Reading is a private experience inevitably structured by social relations. This friction between the collective and the personal charges the act of reading with its peculiar power to engage the reader in social discourse. Gender is one aspect of this complex response to reading that, although still too little understood, has gained increasing critical attention in the past decade, especially since the publication of Flynn and Schweickart’s collection of essays, Gender and Reading (1986). Jean Wyatt’s Reconstructing Desire: The Role of the Unconscious in Women’s Reading and Writing (1990) examines the “revolutionary and transformational potential of the preoedipal in novels by women” (2) and “the interactions between the fantasy structures of literature and the unconscious fantasy structures of readers” (24). 1 Wyatt attempts to explain women’s persistent attraction to certain books and kinds of fiction, such as Jane Eyre and Little Women, that they read repeatedly as children and often return to as adults.
Similarly, the reevaluation of the significance of so-called women’s “sub-genre,” such as the “novela rosa,” to women readers and writers [End Page 182] has been part of Carmen Martín Gaite’s literary project. 2 And in most of her novels and many of her essays, she explores the wider relation between literature and life, going so far as to assert: “. . . si me dejaran contestar en profundidad a esa pregunta tan reincidente: «¿Qué literatura le ha influido a usted?», . . . el primer gran enigma a desentrañar es el de dónde está la frontera entre lo que llamamos vida y lo que llamamos literatura” (“Mujeres noveleras” 69). Childhood reading, she observes in another essay, makes the greatest impression on the reader:
When one experiences the dazzling impact of reading at an early age, the effect is akin to that of an arrow wound. Reading provides insight into a secret world that liberates one from the hostile pressures of the environment, from the routines and deceptions that the confrontation with reality produces . . . The sense of a lair or tabernacle, within which the blows of time are resisted, is the prize awarded by reading.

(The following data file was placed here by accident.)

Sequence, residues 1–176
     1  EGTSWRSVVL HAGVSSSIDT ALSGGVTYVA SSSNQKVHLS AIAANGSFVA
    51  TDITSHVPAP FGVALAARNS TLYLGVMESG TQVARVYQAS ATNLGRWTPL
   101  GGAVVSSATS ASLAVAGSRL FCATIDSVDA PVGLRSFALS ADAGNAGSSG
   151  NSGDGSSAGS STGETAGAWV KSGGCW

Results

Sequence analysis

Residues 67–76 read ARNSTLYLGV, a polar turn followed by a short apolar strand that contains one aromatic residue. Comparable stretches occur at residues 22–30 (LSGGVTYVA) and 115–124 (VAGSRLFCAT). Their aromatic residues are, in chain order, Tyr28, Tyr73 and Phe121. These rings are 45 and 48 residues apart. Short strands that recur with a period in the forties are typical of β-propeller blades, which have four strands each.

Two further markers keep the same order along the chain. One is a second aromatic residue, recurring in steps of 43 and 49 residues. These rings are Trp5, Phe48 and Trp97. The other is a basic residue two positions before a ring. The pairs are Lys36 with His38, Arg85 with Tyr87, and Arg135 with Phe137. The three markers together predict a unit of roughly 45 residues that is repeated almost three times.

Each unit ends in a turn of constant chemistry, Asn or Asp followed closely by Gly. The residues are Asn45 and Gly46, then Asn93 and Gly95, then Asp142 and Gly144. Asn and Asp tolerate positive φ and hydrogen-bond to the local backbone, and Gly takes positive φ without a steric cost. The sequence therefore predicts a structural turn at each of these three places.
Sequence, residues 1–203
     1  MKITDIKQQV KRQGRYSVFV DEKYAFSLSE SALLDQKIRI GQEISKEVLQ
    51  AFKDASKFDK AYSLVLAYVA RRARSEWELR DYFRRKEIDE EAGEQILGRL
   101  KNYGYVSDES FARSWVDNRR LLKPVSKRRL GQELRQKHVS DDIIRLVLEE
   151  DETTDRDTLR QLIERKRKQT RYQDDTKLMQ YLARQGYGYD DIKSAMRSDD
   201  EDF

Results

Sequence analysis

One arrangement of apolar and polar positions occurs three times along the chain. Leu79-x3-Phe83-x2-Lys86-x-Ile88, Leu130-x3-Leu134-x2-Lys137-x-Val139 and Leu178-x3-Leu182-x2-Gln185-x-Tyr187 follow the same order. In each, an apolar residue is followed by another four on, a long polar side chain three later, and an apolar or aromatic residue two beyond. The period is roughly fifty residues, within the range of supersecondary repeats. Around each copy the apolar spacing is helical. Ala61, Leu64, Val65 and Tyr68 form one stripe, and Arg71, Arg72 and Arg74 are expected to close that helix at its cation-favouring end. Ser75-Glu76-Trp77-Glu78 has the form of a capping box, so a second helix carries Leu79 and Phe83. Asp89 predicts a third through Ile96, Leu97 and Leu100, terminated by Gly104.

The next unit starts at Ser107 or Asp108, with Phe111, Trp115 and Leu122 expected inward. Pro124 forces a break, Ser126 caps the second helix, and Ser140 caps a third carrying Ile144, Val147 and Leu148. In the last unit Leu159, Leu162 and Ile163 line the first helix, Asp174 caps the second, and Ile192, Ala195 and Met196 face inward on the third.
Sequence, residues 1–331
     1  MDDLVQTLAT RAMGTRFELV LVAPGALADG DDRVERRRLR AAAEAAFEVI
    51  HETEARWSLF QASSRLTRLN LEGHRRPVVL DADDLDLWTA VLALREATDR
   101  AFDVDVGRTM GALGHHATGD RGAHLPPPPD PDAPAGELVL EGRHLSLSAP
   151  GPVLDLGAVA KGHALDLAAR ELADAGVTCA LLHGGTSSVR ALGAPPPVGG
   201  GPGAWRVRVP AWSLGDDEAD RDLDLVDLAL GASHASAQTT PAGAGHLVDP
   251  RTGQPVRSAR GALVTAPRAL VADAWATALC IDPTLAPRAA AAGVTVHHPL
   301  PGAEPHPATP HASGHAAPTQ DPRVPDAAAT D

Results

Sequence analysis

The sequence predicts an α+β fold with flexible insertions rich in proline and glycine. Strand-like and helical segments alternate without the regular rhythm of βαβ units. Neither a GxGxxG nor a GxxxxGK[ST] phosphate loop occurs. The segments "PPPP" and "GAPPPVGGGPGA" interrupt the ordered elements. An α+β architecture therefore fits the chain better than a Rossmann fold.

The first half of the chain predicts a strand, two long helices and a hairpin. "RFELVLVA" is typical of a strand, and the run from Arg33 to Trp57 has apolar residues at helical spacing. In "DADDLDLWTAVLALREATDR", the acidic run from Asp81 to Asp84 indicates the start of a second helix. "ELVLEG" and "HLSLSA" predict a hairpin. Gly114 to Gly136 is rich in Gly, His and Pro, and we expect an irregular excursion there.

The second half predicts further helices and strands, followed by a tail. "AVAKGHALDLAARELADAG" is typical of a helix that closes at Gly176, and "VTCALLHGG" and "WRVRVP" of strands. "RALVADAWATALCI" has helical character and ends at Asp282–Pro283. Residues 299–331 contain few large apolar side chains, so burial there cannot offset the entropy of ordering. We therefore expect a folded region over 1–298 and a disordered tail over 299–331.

In Retahílas (1974), the author addresses the problem of the entanglement of life and literature by portraying scenes of youthful reading that illuminate the novel’s narrative concerns. Wyatt’s account of women’s reading helps us to analyze Martín Gaite’s description of her protagonist’s childhood reading, its role in the young girl’s psychological development, and its implication in structuring social relations through the power of oedipal and pre-oedipal fantasies. 3 Furthermore, the author’s evocation of childhood reading calls into question the status and practices of the reader(s) of her own novel.
Chapter One of Retahílas is the protagonist Eulalia’s introduction to her interlocutor, her nephew Germán, of the major themes of the night’s discourse: death, since they are waiting for the death of Eulalia’s grandmother; and time, figured by “la ruina,” the decay which affects the house as well as the protagonists. She argues for adult reading as a form of communication, a state of “endiosamiento” in which a dialogue is established between author and reader, “. . . como si de repente le hubieras visto la cara al autor que lo escribió o le hubieras oído la voz y él a ti la tuya” (69–70). A reader’s subconscious psychological involvement—the arousal of desire and fantasy structures—is key to the practice of reading, as well as the reader’s more conscious, personal investment of memory and shared, [End Page 183] cultural experience. 4 Eulalia recalls, for example, that when she was young, she cared nothing for the historical or political articles in the magazines she eagerly purused, but sought out instead the “folletines,” the romantic stories that fascinated her. Now, as she contemplates acquiring these volumes as part of her inheritance, she believes that both genres, printed side-by-side, as if to demonstrate their similarity (both types of “story” are appealing to readers) and their difference (the presence or absence of fictionality), will help her come to terms with her own life. Eulalia must correlate...